“She came East on I-20, out of Texas and wound up in Savannah, and then was going to go back to New York up I- 95. Well, I guess [she] got to Savannah and just loved it and decided to relocate here and really change her whole life,” said Jack.

Carole Cornett was one of the first people Rogers met when she was relocating to Savannah. They crossed paths at Suzabelle's Restaurant and Piano Bar where Cornett remembers Rogers was just arriving and thinking about living in Savannah because she fell in love with a house in downtown.

“The house was everything to her. It fit her personality. It fit her fabulous big white, grand piano. It had pink silk furniture. It had all glass enclosed cupboards that was around Art Deco look full of crystal and mementos and anything you ever wanted to know about would be in there. And it was it was there to stay,” said Cornett.

“You’d go upstairs, and she had probably twenty, 1950s hat racks lining the hallways, and then she would just have closets full of boas and coats and evening gowns and party dresses,” said Mark Ellis, who first met Rogers at First City Club when he moved to Savannah 15 years ago.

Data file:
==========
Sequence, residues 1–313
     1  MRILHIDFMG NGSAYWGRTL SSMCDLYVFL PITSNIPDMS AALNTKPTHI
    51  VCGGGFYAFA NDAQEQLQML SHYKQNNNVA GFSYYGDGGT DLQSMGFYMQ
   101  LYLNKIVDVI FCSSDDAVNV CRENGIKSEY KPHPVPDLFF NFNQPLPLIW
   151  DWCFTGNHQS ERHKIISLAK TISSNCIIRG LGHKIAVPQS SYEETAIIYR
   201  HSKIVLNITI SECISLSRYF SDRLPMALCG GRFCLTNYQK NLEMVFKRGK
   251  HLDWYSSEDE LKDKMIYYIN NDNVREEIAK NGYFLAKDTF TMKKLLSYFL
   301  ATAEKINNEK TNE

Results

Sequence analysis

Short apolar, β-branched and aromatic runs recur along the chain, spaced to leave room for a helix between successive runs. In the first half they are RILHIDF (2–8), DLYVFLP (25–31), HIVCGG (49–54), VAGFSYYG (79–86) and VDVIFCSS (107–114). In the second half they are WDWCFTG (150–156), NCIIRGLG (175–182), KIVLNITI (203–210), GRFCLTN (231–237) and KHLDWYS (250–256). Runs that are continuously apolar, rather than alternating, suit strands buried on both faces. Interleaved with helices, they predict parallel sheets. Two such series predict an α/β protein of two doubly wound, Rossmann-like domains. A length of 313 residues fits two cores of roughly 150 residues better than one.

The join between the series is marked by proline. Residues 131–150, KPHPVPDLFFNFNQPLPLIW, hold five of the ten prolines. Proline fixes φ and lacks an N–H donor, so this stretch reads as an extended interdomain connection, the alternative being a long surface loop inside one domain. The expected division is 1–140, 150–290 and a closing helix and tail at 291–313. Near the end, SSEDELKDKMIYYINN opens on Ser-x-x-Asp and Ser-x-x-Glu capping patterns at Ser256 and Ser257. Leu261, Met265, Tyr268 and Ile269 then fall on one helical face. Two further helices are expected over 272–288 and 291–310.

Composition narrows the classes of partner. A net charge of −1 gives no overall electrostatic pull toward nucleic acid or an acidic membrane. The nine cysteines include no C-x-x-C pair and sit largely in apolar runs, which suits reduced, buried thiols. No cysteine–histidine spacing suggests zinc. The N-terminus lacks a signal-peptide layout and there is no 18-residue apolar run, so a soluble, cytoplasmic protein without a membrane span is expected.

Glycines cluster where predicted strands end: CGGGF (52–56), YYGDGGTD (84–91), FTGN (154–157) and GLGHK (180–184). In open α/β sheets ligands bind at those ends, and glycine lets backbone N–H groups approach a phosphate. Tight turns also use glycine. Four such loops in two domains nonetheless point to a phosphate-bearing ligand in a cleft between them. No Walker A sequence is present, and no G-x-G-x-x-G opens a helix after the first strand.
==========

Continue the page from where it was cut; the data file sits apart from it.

Shelley Smith from La Scalla agreed, “Her house is packed with so many things she’s collected. Her boudoir, her bathroom, they’re just flanked with dresses and jewels and costume jewelry and hats and mementos. It's a smorgasbord of eye candy that you can‘t imagine and all of these things centered around this grand piano in her parlor.”

Many in Savannah knew of her grand piano, through “Diana in the Parlor,” an opportunity for groups to make an appointment with Rogers and sing a variety of songs while having scones and champaign.

“She could sing anything. She could light up a room. When people would come in, those eyes would flash, those red lips would show up. Her nails were gorgeous. She dressed beautifully. Those feet were just tapping those petals all the time,” said Cornett.

click to enlarge Remembering Diana Rogers
Shelley Smith

Lynn Weddle first encountered those red lips and tapping feet in 2018 at The Olde Pink House when she took a friend to the downstairs tavern to have dinner.